HEALTH CARE BRIEFING: Sanders Looks to Tackle Doctor Shortages
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Sen. Bernie Sanders (I-Vt.) is using his new perch as head of a key health panel to expand the number of federally supported medical residency positions.
Sanders announced yesterday he’ll introduce legislation that adds 14,000 Medicare graduate medical education slots over seven years, potentially training thousands of new doctors each year. Public health groups argue the U.S. faces a shortage of at least 54,000 primary care and specialty doctors over the next decade.
“This is a solvable program,” Sanders, who heads the Health, Education, Labor and Pensions Committee’s health panel, said during a hearing yesterday. “This is the wealthiest country on earth. We can have enough doctors and nurses in the places where we need them.”
Public health groups say the U.S. faces a shortage of at least 54,000 primary care and specialty doctors over the next decade. Sanders said his legislation would reserve half of the new slots to train new primary care doctors.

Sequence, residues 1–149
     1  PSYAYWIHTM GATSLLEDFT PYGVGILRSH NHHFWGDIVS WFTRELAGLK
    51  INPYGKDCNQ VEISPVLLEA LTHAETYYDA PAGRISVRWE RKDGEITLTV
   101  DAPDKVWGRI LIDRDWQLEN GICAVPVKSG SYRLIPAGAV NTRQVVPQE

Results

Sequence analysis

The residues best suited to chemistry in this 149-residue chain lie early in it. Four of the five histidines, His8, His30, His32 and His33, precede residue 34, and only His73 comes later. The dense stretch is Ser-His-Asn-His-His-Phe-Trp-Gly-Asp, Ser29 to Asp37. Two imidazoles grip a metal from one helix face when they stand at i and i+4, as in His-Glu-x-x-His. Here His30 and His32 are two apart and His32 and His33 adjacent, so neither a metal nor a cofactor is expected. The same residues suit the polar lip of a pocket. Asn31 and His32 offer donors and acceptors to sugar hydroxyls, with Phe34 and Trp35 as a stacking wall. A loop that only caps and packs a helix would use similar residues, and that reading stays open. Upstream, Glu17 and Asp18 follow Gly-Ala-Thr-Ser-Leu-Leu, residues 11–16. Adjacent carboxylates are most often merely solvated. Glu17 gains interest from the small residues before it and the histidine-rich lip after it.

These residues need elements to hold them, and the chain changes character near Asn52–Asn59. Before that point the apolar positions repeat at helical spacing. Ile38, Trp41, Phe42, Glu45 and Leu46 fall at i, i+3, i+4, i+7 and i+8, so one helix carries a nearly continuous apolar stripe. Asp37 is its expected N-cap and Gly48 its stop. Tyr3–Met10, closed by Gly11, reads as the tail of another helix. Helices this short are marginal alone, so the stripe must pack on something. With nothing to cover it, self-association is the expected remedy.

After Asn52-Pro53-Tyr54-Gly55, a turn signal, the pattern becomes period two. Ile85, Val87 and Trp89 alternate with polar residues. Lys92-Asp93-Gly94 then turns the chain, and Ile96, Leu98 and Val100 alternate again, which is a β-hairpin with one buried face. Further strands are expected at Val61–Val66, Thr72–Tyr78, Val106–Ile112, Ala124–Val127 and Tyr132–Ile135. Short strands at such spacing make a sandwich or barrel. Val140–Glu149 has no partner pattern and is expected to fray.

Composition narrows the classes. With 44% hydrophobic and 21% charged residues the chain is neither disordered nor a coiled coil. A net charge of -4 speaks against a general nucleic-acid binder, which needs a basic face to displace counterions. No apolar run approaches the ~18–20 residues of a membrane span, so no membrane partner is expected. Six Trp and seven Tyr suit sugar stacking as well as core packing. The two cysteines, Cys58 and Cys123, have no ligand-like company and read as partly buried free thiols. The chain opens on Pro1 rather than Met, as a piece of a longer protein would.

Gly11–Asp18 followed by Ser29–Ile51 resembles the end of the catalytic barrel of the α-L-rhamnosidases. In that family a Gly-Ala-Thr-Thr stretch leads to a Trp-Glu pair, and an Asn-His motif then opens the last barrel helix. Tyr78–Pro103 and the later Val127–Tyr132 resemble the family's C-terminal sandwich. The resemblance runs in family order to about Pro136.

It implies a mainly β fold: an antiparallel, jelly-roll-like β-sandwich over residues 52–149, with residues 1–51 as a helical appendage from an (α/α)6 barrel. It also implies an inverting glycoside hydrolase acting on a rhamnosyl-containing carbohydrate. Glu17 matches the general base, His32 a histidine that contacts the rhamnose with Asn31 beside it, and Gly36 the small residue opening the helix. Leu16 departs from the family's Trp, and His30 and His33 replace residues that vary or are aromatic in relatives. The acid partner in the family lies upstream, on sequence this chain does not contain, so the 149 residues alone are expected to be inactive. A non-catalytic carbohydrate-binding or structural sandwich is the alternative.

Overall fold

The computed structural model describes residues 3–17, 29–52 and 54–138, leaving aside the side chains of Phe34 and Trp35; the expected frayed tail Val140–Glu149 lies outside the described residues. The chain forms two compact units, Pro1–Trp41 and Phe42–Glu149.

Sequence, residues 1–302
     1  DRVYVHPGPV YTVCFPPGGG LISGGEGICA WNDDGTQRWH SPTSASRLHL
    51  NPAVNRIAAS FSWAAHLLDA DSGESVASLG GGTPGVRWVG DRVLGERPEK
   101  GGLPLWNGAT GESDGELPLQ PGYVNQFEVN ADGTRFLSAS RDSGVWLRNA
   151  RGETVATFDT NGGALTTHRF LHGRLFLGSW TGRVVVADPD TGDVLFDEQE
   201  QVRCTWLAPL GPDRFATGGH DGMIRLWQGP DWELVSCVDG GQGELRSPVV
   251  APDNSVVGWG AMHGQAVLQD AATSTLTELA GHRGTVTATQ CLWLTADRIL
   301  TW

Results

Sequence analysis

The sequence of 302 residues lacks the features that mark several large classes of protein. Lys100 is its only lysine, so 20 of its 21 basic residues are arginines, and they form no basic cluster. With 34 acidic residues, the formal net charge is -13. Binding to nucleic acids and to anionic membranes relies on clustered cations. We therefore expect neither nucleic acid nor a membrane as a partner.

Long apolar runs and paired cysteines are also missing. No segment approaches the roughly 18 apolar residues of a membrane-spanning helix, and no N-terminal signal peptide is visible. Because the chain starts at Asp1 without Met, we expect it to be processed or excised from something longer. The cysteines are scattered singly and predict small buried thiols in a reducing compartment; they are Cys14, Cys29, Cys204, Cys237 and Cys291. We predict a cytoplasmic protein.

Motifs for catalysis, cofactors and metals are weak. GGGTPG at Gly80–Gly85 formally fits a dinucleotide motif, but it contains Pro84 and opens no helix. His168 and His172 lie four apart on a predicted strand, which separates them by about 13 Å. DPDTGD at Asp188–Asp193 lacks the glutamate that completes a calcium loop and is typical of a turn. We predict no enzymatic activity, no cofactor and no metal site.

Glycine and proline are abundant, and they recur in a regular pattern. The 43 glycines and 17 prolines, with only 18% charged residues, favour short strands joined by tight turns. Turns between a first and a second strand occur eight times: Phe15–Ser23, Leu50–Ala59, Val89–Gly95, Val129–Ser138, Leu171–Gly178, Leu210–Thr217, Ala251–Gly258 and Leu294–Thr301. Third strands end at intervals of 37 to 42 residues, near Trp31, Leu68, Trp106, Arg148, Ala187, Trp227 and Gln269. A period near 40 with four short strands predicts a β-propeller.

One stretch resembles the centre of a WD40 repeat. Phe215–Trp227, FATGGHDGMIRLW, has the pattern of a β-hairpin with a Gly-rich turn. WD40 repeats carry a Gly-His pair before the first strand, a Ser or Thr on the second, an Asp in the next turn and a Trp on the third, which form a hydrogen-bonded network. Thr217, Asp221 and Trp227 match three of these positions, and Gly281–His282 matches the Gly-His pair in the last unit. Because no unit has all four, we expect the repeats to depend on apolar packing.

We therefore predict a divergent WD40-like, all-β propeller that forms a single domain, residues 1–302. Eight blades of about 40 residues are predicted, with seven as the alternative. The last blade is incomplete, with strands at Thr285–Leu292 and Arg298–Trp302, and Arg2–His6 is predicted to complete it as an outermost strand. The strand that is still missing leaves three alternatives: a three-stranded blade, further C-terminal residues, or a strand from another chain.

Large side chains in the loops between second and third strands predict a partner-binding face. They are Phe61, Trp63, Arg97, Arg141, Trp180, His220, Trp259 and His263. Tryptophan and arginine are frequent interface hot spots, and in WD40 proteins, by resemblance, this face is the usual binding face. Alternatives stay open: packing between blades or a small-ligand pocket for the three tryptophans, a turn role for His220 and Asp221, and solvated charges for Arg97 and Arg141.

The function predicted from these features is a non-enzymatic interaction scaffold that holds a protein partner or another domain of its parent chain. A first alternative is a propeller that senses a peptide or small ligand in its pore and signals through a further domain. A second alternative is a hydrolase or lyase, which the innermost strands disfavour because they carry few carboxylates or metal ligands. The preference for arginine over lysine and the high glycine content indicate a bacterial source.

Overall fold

David J. Skorton, president and CEO of the Association of American Medical Colleges, said his group asked for 3,000 slots to be added each year to Medicare’s graduate education program. That program, along with others, pays hospitals to train medical school graduates to become doctors. Boosting Medicare funding for this program could allow hospitals to train additional physicians, Skorton said. Read more from Alex Ruoff.
Happening on the Hill
Biden CMS Pick to Get Monday Vote: President Joe Biden’s pick to lead the Centers for Medicare and Medicaid Services could garner confirmation next week, after Senate leaders yesterday scheduled the initial vote on Chiquita Brooks-LaSure’s nomination for next Monday, Nancy Ognanovich reports. The chamber will have to vote twice on her nomination to confirm her to the post.
Brooks-LaSure’s nomination for CMS has been widely opposed by Republicans over the Biden administration’s decision to rescind a 10-year extension for Texas’s Medicaid waiver. And Sen. John Cornyn (R-Texas) said yesterday that he’s made little headway in negotiations with Health and Human Services Department officials, and he’ll continue opposing her nomination. Brooks-LaSure appears to have enough support for the Senate to confirm her to the job. Sens. Susan Collins (R-Maine) and Jerry Moran (R-Kan.) joined Democrats earlier this month in supporting her nomination, Alex Ruoff reports.
The Coronavirus Pandemic